I keep my eyes on Veshnic as he pulls me to my feet. I can feel the heat from the fireplace against my skin, and I can still see by the light of it. But then the air changes. It prickles my cheek with a cool, damp touch. There’s still light, but it’s paler now and more distant and coming from . . . from everywhere.
Fuck! I let go of Veshnic. We’re not in my chamber anymore. No, we’re in a cavern of some sort. A massive cavern. There are a hundred people here, at least, crowded below us in one central area. We’re against the wall, though, up on some sort of scaffolding.
As for the torchlight—some of it flickers from the crowd, who all seem anxious and hushed. But torches line the walls as well. And their smoke rises high enough to disappear from sight.
I swallow. I can’t see that top of this cavern. Just how high does it go?
Rokofar. Veshnic said he was bringing me to Rokofar—this must be one of their cave dwellings. No, that’s wrong. No one lives here. No one but the gods, that is. There’s an altar near the head of this room. A horned altar.
This is a temple.
What’s brought so many people here? I take a moment to study the crowd. They’re all adults, about evenly split between men and women. They’re all wearing fairly simple robes, but they seem to favor bright, solid colors. Is this a festival of some sort? Or do they dress like that all the time?
As for ancestry—most of these people could pass for relatives of Gael, with medium skin tones and chiseled features. So they’re likely from the clans and tribes that were the first to settle this continent. But a few are darker than even Jonac, and a few others are as pale as me. And one or two, at least, must be from over the western sea. They have the olive skin, straight black hair and narrow eyes to prove it.
My eyes stray back to the altar—and then to the statue just beyond it. An enormous statue of a male god. A god with dark skin and outstretched, feathered arms. Wing-like arms that seem ready to shelter all the worshipers here. Fuck, it’s Veshnic! It must be. The statue’s eyes are painted a bright, shimmering blue.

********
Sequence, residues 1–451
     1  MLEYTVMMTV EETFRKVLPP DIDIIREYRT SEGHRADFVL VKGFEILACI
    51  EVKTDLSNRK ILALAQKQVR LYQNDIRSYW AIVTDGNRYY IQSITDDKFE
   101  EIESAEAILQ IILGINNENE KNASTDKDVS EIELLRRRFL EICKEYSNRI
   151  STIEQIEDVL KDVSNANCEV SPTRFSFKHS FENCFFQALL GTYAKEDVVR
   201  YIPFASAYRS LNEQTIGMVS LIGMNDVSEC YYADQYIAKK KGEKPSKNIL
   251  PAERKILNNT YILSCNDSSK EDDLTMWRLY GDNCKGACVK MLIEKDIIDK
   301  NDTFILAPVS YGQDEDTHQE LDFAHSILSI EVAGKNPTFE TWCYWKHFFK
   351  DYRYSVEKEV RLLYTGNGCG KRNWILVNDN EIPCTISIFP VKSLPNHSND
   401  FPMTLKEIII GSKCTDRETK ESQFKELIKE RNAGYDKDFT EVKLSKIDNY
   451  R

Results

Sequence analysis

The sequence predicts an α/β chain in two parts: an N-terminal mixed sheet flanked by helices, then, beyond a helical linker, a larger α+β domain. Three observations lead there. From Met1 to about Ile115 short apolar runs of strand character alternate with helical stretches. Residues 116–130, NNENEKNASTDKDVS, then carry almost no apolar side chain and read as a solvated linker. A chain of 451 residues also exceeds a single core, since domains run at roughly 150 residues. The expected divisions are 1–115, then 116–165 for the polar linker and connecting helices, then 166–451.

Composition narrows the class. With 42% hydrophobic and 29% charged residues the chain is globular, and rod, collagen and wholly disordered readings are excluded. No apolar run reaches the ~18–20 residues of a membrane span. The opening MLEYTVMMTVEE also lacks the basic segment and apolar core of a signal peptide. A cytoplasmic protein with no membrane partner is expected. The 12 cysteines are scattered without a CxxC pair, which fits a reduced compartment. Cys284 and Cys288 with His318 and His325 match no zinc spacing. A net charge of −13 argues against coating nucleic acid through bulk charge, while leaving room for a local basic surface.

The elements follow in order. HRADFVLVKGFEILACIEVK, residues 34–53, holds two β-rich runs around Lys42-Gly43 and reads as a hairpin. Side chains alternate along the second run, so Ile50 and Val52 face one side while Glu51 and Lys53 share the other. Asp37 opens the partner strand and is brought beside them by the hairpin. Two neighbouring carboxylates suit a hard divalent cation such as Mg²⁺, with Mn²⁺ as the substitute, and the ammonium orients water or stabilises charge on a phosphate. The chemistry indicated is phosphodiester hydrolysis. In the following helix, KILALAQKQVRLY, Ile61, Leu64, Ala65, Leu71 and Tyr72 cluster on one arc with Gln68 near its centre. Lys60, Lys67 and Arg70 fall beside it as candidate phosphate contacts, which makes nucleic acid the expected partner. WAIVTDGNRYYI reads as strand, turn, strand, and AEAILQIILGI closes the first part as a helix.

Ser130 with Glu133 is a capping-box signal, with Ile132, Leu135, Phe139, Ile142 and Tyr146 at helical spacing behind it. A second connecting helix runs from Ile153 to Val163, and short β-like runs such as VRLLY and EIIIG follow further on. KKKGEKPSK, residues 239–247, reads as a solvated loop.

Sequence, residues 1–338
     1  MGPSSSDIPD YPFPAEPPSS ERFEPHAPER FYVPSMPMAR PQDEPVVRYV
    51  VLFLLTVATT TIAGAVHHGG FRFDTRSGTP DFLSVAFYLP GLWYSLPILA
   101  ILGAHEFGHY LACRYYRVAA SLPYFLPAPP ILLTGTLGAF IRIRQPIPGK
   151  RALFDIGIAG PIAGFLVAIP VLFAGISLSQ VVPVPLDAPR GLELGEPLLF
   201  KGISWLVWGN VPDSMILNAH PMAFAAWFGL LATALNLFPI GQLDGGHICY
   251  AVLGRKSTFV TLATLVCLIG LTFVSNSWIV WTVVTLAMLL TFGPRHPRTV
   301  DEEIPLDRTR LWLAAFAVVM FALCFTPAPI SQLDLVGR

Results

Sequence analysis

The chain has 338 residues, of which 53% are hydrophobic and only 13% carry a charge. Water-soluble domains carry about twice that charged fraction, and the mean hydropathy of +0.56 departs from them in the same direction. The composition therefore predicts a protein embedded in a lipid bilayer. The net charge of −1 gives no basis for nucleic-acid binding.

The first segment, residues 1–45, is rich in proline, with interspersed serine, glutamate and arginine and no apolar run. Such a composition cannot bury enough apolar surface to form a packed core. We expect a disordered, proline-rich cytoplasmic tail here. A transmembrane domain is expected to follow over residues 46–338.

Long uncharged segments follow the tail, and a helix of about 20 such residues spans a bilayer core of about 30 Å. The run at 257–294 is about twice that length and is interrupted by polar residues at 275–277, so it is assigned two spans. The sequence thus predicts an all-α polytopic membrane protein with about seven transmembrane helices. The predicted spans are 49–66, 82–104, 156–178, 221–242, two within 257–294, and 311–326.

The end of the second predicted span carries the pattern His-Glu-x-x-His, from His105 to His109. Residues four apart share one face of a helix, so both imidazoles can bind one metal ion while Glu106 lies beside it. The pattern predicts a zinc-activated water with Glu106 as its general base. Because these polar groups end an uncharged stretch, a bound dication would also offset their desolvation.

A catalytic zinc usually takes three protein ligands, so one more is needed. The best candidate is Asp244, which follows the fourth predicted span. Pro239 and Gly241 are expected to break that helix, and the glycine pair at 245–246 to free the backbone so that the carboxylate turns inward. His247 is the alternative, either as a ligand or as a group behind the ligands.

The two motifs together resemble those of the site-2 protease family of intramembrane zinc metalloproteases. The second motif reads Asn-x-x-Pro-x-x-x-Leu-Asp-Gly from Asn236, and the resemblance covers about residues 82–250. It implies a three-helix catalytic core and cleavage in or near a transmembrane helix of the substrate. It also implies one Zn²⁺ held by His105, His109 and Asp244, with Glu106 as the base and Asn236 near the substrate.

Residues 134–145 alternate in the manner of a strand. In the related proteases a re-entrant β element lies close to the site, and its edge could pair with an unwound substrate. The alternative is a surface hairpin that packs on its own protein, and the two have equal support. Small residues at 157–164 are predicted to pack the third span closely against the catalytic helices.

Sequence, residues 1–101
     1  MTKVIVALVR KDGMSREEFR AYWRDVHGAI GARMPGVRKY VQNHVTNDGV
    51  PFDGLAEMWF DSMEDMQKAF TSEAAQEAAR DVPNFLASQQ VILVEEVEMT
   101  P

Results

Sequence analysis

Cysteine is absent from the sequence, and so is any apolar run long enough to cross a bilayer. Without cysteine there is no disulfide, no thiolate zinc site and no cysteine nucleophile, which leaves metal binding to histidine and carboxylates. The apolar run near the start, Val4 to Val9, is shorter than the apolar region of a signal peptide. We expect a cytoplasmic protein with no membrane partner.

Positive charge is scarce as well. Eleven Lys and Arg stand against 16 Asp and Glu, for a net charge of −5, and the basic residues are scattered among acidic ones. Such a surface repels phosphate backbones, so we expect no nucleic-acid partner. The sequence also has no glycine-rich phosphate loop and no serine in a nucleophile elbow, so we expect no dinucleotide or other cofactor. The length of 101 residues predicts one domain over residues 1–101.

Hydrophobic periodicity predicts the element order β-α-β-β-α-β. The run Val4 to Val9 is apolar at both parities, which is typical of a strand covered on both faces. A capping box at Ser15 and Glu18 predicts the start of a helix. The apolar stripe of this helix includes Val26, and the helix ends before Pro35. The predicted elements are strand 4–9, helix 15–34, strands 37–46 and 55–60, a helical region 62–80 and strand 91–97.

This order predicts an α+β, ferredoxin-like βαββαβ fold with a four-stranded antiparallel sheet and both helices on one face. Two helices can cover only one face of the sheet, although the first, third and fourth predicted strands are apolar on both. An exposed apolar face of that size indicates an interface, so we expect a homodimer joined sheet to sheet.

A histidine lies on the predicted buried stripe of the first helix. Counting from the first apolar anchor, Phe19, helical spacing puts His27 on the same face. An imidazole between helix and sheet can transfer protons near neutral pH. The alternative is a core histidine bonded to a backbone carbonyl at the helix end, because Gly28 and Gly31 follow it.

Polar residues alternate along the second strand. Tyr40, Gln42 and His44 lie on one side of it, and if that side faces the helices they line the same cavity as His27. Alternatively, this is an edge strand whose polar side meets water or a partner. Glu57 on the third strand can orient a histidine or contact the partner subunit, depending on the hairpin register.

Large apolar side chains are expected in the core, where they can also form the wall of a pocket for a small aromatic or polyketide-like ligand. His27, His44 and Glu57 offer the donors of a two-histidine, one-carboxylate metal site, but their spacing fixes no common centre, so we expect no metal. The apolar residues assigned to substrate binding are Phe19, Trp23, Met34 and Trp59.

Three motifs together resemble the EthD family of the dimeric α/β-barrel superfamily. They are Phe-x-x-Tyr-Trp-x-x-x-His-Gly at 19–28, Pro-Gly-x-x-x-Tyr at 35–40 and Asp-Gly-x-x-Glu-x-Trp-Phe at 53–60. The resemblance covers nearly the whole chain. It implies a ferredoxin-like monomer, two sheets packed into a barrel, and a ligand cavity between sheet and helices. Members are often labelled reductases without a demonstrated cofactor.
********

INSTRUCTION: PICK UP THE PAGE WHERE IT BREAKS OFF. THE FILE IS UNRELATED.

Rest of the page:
“Those wings.” I keep my voice to a whisper as I turn back to Veshnic. “They’re painted like vulture feathers.”
He nods. “Fine craftsmanship—I’ll say that much for this temple.”
“I thought the eagle was your emblem?”
“In Tantzil. In Rokofar they prefer the vulture.”
“They prefer? But which do you prefer?”
That’s a stupid question—what difference does iconography make? But Veshnic gives me a serious look as he puts a hand on my arm. “I don’t play favorites, Aric. Not among any creatures. You’re all equally dear to me.”
“Including the wyverns?” I grunt. “Remember them? Those monsters that like to drink human blood?”
“Yes.” There’s not a trace of shame in his voice as he answers. “They’re just as much mine as you are.”
My stomach twists. “Is that why you haven’t given me a damn bit of useful information on how to send them all back where they belong, my Lord? Or how to keep them there? If we’re all equal to you, then why should you care if they feed on us?”
There’s a searching look on his face now, as if he’s measuring me up. “Here’s the most useful information I can give you, pet. I may not love you more than I love the rest of creation. But if you put your trust in me and carry out my will, then I’ll spring to life in you.”
“Spring to life in me?” I stare at him. “Forgive me, my Lord, but what the fuck does that mean?”
The sudden beat of a drum interrupts his answer. I turn to stare down below us.